In May 2009, the Daily Telegraph newspaper published details of expense claims by British MPs, which caused a scandal across the country and resulted in more than half the Commons being ordered to repay a total of £1.1 million to the British taxpayer.
To avoid a repeat of similar expenses scandal, the British government created the Independent Parliamentary Standards Authority (IPSA), which is now responsible for determining the MPs' pay and pension arrangements.
In the United States of America, according to the Congressional Research Service (CRS) report, the government provides allowances to cover "official office expenses, including staff, mail, travel between a Member's district or state and Washington DC, and other goods and services."
In Norway, the MPs' travel expenses for official journeys are covered in accordance with the government scale, according to a statement on the Norwegian Parliament's website (Storting).
"If the distance between the MP's home and the Storting is greater than 40km, travel costs to and from the MP's home at the beginning and close of each session, at holiday periods, and at weekends are covered. Travel costs will also be covered for two trips home a week for MPs with children up to the age of 19," explains the statement.
Interestingly, there are no travel allowances for Norwegian MPs within Oslo, their capital, where the Parliament is located. After late-evening meetings in the Storting (after 10pm), the government only covers taxi fares to the MP's Oslo accommodation.
According to a September 2013 report by the Inter-Parliamentary Union (IPU), an umbrella organisation for all parliaments in the world, a survey of parliamentary salaries and allowances revealed huge disparities in the take home for legislators around the world.
In order to come up with a uniform benchmark for assessing the salaries, IPU converted the figures that were provided by parliaments in their local currency into 'Purchasing Power Parity' (PPP) dollars using World Bank conversion tables.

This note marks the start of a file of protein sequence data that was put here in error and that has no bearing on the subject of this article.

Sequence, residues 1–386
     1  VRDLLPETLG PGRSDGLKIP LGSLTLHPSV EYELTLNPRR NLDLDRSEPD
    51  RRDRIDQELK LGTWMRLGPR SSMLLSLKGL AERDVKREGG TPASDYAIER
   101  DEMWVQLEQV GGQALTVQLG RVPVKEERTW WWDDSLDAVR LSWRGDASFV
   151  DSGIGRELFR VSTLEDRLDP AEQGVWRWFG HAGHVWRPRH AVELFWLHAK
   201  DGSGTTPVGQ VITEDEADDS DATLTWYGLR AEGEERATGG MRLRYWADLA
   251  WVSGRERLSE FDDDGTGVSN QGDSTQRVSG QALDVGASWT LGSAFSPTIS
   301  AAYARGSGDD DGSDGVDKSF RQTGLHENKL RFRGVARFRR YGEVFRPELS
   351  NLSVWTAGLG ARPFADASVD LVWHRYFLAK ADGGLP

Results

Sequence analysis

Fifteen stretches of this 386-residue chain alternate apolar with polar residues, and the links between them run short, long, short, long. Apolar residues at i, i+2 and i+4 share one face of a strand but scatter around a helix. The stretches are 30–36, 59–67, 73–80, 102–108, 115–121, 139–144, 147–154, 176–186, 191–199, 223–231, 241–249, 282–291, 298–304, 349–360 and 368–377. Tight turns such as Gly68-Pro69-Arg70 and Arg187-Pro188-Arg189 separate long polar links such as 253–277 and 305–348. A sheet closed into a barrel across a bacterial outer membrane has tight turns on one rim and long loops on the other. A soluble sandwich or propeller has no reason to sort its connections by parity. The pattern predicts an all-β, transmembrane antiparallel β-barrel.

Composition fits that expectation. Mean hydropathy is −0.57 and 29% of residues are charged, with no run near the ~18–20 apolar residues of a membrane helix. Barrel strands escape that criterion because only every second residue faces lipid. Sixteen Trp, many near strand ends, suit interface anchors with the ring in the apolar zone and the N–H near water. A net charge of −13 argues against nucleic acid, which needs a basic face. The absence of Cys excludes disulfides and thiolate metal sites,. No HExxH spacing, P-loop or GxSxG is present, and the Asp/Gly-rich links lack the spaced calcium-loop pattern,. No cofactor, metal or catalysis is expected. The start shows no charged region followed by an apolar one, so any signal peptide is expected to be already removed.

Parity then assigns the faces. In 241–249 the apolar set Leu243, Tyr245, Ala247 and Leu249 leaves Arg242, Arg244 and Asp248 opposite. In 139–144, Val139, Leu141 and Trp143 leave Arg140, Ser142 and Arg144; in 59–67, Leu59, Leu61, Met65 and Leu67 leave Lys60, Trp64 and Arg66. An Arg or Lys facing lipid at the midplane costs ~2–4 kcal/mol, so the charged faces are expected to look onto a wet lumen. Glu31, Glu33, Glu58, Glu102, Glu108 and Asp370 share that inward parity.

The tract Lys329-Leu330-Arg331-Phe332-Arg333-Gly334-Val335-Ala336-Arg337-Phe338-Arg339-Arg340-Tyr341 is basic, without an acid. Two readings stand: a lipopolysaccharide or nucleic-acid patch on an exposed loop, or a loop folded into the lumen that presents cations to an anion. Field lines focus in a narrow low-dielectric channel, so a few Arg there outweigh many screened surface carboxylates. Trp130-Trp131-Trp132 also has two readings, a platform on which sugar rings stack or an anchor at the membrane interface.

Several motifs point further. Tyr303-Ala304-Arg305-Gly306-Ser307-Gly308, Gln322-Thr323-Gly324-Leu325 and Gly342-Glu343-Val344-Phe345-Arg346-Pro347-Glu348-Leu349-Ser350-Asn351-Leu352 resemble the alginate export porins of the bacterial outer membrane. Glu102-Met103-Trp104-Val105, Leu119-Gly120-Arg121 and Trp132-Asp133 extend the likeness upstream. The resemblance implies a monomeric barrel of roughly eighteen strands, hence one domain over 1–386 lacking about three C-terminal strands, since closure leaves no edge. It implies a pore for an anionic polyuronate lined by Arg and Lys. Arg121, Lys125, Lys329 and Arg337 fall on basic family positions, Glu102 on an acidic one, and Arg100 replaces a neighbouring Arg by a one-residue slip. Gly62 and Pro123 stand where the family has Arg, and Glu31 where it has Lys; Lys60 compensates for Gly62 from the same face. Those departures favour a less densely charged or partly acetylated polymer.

The study found that the average basic salary in 2012 was of 62,075 PPP dollars per year per parliamentarian, for 110 chambers for which comparative data are available. The average was calculated by dividing the total amount of annual salaries by a total by the number of parliaments/chambers. The median basic salary was 48,971 PPP dollars (Iceland).
"Over a half of parliamentarians were paid less than 50,000 PPP dollars per year. There are huge disparities, of course: 25 per cent received below 25,000 PPP dollars while 14 per cent were paid over 100,000 PPP dollars," the report says.
In all, according to the IPU study, 46 of 125 parliamentary chambers answered that they provide attendance allowances to parliamentarians. At least 19 (41 per cent) paid the allowances by day, 12 (26 per cent) by parliamentary sessions, and eight (17 per cent) by month.
In addition to the basic allowances, the report says 65.6 per cent of parliaments provide parliamentarians with an office in parliament, while 46.8 per cent provide the means to employ personal staff to work directly for individual parliamentarians. A smaller percentage of parliaments provide an office in constituency and housing.
In 69 of the 119 parliaments surveyed (58 per cent), parliament determines parliamentary salaries, while 75 of 122 parliaments (61.5 per cent) determine allowances.
"Many parliaments responded that the salaries and allowances are fixed by law, which is one way in which parliament can exercise its power to determine salaries," says the report. "Elsewhere, the government/cabinet, the ministry of finance (Treasury) or the head of state sets parliament's salaries and allowances."